VIDEO: Dallastown two-way lineman Raymond Christas discusses his role as the team's center and member of the defensive line. JACOB CALVIN MEYER, 717-505-5406/@jcalvinmeyer
When watching the Dallastown High School football team, one player normally stands out.
Nyzair Smith, the team’s running back, is an NCAA Division I recruit who uses his speed, strength and agility to shed defenders and run for incredible touchdowns.
Take the Wildcats’ win over Northeastern last Friday as an example. Smith ran the ball 34 times for 321 yards and four touchdowns in Dallastown’s 41-25 win over the Bobcats.
However, according to first-year Dallastown head coach Ron Miller, there’s another Wildcat who Miller said is just as valuable as Smith or any top player in the York-Adams League — two-way lineman Raymond Christas.
“He’s the (Smith) of the line, to be quite honest,” Miller said. “If you compared how important they are, that’s how important he is to us up front on both sides of the ball.”
Christas is Dallastown’s center and a member of the Wildcats’ defensive line. The senior was a first-team D-I all-star at both positions last season.
“He’s a monster,” Miller said. “He just doesn’t stop going. He just goes and goes on both sides of the ball. His football IQ is high. He’s tough. He’s a leader. Anything I can throw in front of his name that’s positive I can do for Raymond Christas.”
Football family: Christas comes from a “football family.” His older brother played safety at Dallastown (3-2 overall, 2-0 in D-I play) and later in college at Lock Haven University.
“I grew up in this atmosphere,” Christas said. “It’s been part of me my entire life, and I love it.”
QB of the O-Line: The center position is dubbed the “quarterback of the offensive line,” because of the intelligence the center also needs to possess to succeed. Without a good center, it’s rare that an offensive line — and thus the offense — can gain yards.
“He has that football intelligence,” Miller said. “He knows everybody’s assignments. When guys are losing their minds, he can get them straightened out.”
Christas said his leadership and smarts as a center have taken an uptick this year, since the other four linemen are first-year starters.
“The center is the quarterback of the line,” Christas said. “I have to know everything. When you have four other guys who have never played a varsity down before this year, knowing everything really helped.”
VIDEO: Dallastown running back Nyzair Smith discusses his four-touchdown performance in the Wildcats' 41-25 win over Northeastern. York Dispatch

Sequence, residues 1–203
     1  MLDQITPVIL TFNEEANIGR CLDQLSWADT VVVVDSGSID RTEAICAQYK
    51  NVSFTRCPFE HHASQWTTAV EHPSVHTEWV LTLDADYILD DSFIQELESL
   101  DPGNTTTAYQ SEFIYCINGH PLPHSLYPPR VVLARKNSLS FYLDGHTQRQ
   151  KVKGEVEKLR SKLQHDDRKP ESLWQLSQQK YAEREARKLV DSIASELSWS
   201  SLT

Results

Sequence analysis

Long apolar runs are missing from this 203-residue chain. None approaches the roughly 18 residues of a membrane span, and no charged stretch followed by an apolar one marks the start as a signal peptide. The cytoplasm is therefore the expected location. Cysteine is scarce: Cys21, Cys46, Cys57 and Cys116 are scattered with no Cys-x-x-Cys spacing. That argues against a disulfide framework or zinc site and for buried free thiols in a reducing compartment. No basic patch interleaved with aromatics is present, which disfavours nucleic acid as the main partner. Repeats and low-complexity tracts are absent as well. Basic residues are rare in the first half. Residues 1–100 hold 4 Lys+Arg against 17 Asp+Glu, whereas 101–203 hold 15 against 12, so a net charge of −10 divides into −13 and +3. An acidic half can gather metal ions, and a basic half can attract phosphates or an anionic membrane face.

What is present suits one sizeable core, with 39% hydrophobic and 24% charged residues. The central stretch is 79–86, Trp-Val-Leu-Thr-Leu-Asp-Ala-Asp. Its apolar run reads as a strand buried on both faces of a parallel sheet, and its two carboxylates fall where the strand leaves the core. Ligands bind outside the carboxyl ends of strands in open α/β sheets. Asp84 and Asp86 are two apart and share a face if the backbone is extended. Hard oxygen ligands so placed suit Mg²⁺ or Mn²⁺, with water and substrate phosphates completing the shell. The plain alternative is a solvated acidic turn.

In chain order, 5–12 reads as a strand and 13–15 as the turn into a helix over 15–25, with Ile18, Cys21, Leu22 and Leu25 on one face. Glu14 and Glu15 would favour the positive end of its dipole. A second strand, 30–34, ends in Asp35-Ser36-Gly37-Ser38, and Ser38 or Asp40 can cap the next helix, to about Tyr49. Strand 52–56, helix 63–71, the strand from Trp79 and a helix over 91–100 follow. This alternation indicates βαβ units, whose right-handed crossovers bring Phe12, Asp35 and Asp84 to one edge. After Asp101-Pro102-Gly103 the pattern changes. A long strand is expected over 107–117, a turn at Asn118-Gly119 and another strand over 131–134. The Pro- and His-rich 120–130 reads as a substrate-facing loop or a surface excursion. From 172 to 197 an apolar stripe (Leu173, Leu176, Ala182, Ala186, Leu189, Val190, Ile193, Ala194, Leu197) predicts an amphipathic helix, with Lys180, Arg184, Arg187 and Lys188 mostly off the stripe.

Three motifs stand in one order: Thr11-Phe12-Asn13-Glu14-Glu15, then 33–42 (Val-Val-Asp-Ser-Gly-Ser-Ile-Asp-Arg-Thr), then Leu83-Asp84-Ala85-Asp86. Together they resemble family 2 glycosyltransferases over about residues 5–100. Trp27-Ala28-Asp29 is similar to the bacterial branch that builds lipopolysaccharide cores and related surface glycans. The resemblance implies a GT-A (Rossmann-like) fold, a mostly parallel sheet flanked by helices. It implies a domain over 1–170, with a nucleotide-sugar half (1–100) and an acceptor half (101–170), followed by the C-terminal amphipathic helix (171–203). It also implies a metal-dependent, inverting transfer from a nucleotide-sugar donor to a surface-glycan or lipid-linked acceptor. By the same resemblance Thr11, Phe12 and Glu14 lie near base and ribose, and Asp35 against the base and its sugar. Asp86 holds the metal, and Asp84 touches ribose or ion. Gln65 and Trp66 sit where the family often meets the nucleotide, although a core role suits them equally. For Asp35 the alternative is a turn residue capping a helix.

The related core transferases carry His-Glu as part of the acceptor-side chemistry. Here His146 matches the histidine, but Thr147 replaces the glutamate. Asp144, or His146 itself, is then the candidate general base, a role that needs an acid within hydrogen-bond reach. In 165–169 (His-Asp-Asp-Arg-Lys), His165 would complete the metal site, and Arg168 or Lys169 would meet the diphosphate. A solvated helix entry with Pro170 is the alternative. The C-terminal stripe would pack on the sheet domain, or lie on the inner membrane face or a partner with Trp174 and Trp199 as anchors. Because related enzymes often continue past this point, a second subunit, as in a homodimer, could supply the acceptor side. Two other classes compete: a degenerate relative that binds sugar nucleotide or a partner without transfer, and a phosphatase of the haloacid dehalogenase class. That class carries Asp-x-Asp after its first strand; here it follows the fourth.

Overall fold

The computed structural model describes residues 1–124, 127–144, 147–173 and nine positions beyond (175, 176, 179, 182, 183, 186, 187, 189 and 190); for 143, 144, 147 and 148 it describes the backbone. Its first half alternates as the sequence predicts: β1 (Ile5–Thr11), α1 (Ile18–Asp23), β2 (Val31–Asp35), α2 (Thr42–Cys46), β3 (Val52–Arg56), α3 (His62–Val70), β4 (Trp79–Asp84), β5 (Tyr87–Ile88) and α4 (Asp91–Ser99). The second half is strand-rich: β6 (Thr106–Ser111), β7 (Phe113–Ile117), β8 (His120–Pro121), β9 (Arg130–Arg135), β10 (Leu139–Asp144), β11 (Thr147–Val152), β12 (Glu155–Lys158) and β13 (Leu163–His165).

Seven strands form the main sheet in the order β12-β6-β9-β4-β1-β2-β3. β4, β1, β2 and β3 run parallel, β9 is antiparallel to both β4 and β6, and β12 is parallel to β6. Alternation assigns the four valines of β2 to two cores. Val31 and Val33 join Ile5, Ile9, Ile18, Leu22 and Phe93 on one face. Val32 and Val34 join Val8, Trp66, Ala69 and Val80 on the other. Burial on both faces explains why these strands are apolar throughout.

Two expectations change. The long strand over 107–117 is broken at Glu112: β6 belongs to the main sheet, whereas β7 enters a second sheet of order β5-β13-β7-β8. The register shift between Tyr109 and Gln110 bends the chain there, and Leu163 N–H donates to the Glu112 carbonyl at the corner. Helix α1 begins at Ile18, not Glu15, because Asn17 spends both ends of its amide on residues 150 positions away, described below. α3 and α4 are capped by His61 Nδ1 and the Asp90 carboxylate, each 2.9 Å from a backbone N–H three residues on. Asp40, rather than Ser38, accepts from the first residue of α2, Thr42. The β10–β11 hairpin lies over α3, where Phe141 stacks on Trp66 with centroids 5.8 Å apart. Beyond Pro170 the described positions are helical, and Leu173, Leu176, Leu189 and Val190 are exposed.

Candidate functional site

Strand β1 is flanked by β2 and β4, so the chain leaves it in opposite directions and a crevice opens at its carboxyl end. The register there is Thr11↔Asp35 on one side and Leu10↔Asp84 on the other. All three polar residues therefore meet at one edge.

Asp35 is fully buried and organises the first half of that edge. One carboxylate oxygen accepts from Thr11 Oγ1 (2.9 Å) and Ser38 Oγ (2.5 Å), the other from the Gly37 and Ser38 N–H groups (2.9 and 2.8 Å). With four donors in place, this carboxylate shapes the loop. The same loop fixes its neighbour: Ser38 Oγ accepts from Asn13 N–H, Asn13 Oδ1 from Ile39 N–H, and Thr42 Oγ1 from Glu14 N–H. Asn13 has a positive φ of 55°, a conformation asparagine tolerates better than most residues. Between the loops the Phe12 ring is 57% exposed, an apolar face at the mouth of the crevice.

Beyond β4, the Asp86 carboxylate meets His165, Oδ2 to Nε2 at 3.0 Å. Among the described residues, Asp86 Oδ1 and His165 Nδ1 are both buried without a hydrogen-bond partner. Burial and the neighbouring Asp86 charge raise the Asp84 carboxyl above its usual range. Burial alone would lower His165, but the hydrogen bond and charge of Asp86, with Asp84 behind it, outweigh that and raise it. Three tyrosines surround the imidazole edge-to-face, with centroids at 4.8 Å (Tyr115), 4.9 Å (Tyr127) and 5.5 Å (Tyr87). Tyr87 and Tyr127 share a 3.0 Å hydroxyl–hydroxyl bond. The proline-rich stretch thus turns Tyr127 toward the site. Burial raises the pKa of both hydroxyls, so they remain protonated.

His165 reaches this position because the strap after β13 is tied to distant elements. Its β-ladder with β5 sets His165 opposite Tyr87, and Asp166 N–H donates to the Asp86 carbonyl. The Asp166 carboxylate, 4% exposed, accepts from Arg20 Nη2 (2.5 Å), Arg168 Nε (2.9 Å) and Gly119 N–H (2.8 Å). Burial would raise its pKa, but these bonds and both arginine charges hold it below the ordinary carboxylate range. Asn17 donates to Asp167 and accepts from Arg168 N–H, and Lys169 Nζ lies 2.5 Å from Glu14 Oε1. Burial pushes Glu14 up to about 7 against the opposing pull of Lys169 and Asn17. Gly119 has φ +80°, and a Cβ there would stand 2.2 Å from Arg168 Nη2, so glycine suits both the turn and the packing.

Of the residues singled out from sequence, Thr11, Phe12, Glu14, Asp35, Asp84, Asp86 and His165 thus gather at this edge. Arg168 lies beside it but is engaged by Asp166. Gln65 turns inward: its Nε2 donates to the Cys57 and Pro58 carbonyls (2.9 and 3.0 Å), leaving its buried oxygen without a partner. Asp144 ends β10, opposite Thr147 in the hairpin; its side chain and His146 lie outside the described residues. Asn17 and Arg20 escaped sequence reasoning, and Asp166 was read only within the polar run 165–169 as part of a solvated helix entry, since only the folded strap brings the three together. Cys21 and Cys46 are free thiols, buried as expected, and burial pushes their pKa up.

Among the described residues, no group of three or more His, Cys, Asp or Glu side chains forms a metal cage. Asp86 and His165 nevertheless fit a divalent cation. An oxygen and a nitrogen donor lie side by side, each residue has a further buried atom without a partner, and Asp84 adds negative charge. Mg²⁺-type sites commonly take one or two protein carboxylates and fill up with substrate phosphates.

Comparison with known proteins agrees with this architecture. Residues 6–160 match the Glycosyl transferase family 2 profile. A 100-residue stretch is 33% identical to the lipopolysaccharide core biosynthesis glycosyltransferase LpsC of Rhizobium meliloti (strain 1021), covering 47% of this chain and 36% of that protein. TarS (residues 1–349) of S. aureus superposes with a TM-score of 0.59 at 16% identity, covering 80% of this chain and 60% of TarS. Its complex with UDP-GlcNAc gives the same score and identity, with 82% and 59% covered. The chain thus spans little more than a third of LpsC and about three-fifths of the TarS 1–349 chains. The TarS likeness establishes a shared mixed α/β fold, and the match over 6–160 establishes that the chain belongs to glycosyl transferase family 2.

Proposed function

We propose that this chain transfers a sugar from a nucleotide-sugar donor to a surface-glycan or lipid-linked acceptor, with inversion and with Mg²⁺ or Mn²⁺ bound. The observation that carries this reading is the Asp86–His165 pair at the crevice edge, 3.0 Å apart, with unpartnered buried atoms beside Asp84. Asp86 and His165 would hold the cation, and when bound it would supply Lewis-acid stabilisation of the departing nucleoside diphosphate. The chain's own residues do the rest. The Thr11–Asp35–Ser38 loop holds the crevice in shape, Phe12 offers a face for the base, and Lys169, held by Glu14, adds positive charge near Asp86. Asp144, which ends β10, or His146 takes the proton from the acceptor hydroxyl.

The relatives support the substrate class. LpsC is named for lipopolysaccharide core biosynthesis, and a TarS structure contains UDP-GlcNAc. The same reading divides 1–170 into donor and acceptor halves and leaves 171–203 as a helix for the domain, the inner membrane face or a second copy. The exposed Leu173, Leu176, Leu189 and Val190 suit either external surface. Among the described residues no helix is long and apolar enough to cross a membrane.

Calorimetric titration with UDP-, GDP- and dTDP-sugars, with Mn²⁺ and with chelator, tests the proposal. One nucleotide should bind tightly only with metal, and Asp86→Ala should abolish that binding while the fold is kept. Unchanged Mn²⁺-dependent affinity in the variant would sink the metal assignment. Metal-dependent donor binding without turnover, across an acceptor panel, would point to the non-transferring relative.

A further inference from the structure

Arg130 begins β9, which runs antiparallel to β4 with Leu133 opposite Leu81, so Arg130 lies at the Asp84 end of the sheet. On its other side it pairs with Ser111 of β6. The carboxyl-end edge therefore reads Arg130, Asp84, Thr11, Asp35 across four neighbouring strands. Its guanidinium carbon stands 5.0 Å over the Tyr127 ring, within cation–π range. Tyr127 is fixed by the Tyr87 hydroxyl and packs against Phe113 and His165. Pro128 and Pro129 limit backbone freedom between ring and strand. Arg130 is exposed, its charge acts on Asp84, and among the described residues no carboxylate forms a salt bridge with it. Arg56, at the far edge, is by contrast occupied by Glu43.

Blocking for Smith: Smith acknowledged, as all good runners do, that he wouldn’t be nearly as successful if it weren’t for offensive linemen such as Christas.
“He’s a great player,” Smith said. "He plays both sides of the ball, and he gives maximum effort.”
Christas said blocking for a back as talented as Smith makes his job easier.
“To have a guy back there who I know can make plays, even when (the line) doesn’t make our best play, is really nice,” Christas said. “If we make a good play, he’ll hit the hole. But if we don’t, we know he’ll be there to back us up and make a play for us. It’s nice to have that guy behind me.”
Two-way player: While Christas is one of the best centers in the Y-A League, he may be an even better defensive lineman. The 6-foot-2-inch, 260-pound defensive tackle said he prefers playing defensive line for the same reason most defensive players enjoy that side of the ball: He likes to hit people.
“Defense is my favorite side of the ball,” said Christas, who is also a standout member of the wrestling team at Dallastown, posting a 37-4 record as a junior heavyweight. “For me, it’s just (going) 100 percent and (being) a bull in a china shop. I want to create chaos and make plays,” Christas said. “…On offense, you kind of have to be more careful with it. With defense, it’s just a tough, brutal go at it. I love that — the physicality.”
Nonstop work ethic: Christas had two of Dallastown’s five sacks in the Wildcats’ win over Northeastern last week. Despite Dallastown running a fast-paced, no-huddle offense and Christas playing defense and long snapping on special teams, Miler said Christas doesn’t tire in the fourth quarter because of his work ethic in the offseason.
“He hasn’t miss one workout,” Miller said. “He’s the type of kid to come to a morning workout on Friday, then lift Friday afternoon and then he’d do a wrestling tournament over the weekend. That’s how Raymond is. He has a commitment to excellence and to be the best he can be.”
Christas hasn’t decided where he’s going to college yet, but he knows he wants to play football. Miller only has a handful of games left with his star lineman and he knows having another player like Christas will be rare.
“He’s special,” Miller said. “He’s a special young man.”
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